That amount jumped from $500 to $2,000 on Oct. 1 for all existing single-family homeowners who have a flat deductible. The increase took effect for new customers Aug. 15, a company spokesman said. Those with both home and auto insurance policies with State Farm are now subject to $1,000 deductible, in part because company data show that they file fewer claims, making them less risky.
The deductibles for condominium owners and renters also rose dramatically, the exact amount depending on whether they have other policies with State Farm.
Dick Luedke, a State Farm spokesman, said the decision is based on the risk posed by hazardous weather conditions and the rising cost of replacing a home. The company — which has more than 20 percent of the home insurance market in Maryland, Virginia and the District — has paid out $5 billion in claims so far this year, up from $4 billion last year.
“Our priority is to make sure we don’t make promises that we can’t keep,” Luedke said. “What we’re looking to do is protect more homeowners against the more-devastating losses, and we can only do that to the extent that homeowners are willing to cover the lower portion of the risk spectrum, in this case the first $2,000.”
USAA, another big insurer in the Washington area, said that its minimum deductible is $500 for homeowners insurance in Virginia, Maryland and the District and that the amount has not gone up, said Roger Wildermuth, a USAA spokesman.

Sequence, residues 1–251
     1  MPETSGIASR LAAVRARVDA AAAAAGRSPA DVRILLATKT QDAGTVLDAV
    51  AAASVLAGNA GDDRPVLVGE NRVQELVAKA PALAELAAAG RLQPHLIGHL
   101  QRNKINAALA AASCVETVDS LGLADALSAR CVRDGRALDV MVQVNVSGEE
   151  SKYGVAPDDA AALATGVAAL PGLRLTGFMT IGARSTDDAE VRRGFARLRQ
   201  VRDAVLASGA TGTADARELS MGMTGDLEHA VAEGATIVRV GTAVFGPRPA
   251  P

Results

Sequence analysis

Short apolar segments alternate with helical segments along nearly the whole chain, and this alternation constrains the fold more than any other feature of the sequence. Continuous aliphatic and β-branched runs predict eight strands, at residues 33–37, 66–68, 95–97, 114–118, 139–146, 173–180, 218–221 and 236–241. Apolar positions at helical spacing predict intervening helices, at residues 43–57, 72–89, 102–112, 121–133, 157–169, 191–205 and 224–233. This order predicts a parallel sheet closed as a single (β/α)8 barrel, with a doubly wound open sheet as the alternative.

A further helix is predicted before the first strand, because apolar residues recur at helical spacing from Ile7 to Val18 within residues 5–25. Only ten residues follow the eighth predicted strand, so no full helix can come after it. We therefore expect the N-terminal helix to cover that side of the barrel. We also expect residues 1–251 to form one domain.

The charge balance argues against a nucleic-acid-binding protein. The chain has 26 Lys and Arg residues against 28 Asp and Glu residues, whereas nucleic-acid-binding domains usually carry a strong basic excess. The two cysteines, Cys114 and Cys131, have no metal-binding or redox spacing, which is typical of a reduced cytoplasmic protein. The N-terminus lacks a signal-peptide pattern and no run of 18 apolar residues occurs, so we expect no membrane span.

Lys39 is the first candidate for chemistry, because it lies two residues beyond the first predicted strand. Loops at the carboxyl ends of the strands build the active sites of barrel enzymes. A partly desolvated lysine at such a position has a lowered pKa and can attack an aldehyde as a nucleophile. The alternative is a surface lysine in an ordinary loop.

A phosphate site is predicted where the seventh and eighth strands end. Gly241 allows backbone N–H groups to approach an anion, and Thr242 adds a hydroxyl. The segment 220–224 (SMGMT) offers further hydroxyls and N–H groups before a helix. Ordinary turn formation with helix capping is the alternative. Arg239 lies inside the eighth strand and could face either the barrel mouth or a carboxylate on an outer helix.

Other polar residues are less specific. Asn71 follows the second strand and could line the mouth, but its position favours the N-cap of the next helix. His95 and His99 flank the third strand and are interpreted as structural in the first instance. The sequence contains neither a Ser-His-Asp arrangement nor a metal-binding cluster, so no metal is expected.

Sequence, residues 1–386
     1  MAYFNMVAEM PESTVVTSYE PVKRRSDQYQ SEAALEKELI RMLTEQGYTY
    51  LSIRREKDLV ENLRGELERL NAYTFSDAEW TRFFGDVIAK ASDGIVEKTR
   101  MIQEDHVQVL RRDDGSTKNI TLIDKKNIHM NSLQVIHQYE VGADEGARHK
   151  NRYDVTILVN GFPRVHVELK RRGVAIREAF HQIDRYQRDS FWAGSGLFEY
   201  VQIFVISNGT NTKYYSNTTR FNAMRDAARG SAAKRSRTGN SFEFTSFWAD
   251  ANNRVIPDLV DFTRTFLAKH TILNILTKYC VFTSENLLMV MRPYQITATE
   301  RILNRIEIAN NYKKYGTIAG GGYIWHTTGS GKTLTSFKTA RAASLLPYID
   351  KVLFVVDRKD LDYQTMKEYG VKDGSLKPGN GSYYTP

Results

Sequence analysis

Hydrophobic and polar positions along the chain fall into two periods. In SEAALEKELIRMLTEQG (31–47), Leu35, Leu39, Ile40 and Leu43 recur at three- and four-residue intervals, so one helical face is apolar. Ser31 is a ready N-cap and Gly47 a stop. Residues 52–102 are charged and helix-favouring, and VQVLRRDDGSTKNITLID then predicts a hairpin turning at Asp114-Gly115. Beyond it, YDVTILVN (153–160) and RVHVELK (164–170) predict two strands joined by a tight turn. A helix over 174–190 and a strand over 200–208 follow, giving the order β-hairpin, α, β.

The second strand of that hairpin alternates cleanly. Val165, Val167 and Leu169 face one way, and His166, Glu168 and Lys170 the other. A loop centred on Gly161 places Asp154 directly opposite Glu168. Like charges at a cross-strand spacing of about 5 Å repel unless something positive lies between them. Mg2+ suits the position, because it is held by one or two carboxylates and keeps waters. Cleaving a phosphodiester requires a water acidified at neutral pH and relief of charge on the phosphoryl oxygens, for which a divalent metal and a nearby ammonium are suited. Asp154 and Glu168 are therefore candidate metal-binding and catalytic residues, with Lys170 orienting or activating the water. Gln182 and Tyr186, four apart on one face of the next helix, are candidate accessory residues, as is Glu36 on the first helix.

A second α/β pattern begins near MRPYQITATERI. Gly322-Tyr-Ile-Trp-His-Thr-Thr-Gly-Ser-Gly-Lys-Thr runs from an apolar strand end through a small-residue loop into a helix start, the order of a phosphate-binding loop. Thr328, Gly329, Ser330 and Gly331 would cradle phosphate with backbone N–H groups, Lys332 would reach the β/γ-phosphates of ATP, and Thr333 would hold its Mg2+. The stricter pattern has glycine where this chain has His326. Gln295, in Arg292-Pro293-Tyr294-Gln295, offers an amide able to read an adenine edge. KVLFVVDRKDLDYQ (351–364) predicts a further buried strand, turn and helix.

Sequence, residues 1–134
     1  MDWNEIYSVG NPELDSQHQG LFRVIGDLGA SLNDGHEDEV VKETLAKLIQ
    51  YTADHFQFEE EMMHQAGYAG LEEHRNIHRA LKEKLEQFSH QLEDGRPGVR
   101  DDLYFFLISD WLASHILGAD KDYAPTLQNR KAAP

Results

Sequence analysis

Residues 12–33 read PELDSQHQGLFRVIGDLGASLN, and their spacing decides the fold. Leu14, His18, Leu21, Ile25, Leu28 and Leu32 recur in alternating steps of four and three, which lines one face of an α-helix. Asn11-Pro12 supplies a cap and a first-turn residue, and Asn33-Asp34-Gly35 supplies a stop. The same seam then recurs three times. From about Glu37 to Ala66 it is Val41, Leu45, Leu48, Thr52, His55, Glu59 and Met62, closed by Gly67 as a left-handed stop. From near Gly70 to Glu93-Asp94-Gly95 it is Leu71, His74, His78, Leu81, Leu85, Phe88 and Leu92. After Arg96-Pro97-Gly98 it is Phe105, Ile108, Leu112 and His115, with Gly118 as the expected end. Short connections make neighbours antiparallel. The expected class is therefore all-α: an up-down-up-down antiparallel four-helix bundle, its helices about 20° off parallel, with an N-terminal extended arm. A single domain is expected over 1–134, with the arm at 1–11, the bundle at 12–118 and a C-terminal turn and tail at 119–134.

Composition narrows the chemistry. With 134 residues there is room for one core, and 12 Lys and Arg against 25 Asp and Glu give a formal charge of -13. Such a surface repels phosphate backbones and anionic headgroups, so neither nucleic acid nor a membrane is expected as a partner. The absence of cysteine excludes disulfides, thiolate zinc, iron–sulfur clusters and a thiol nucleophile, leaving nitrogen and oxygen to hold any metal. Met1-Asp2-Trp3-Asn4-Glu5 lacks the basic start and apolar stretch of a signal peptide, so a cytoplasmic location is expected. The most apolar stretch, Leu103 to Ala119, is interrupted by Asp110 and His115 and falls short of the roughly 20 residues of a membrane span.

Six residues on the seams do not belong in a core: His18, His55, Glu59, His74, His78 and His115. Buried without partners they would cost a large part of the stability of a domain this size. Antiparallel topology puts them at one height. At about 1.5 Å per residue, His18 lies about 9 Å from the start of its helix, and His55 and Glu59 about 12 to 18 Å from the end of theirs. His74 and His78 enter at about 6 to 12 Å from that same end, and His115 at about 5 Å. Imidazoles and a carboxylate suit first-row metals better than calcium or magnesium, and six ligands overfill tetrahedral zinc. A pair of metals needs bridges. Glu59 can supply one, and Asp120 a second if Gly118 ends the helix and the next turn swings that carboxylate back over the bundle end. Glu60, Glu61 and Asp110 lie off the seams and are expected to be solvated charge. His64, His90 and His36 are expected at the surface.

The deductible is the amount a homeowner would pay out of pocket before the insurance company would begin paying for damages, for example.
Consumer advocates and industry officials say the deductible increase is not necessarily bad news for homeowners, as long as insurance companies that raise a customer’s deductible are also lowering the premium.
“They should be happy their deductible is higher as long as the premium goes down accordingly,” said Robert Hunter, director of insurance at the Consumer Federation of America and a former Texas insurance commissioner.
State Farm said that its customers’ premiums in Maryland, Virginia and the District fell by about 20 percent once the higher deductibles took effect.
Homeowners insurance is the basic policy most people who own a home have, in part because banks require it as part of a mortgage. While the banks want to make the sure homeowners are covered for any property damage from fires or other perils, home insurance also covers personal belongings, liability in case someone is injured on the property and the cost of any additional living expenses if a residence is damaged by an covered disaster and is uninhabitable, said Jeanne Salvatore, a senior vice president at the Insurance Information Institute.
Generally, damage from earthquakes and floods is not covered under a basic policy, but wind damage is, which is why weather patterns are of huge concern to insurers.
Salvatore said that larger deductibles are an industry-wide trend for customers with a flat-dollar deductible. Some homeowners take out policies that are based on a percentage of the home’s insured value.
But the upside is that most people don’t file a claim that often, maybe once every eight to 10 years, Salvatore said. “So taking a higher deductible is a way you can save money over time and still be financially protected against a big loss that you couldn’t pay for on your own, like the house burning down.”
The Maryland Insurance Administration said it has received three formal complaints from residents about the higher deductibles and 10 phone calls. Virginia and D.C. officials said they have not heard from consumers about the issue.
But that doesn’t mean that people should accept a high deductible.
“Make sure you shop around,” Hunter said. “Don’t go to one agent and say: ‘Take me. I’m yours,’ ” Hunter said. “There’s a significant difference in prices. You can pay twice as much for exactly the same coverage.”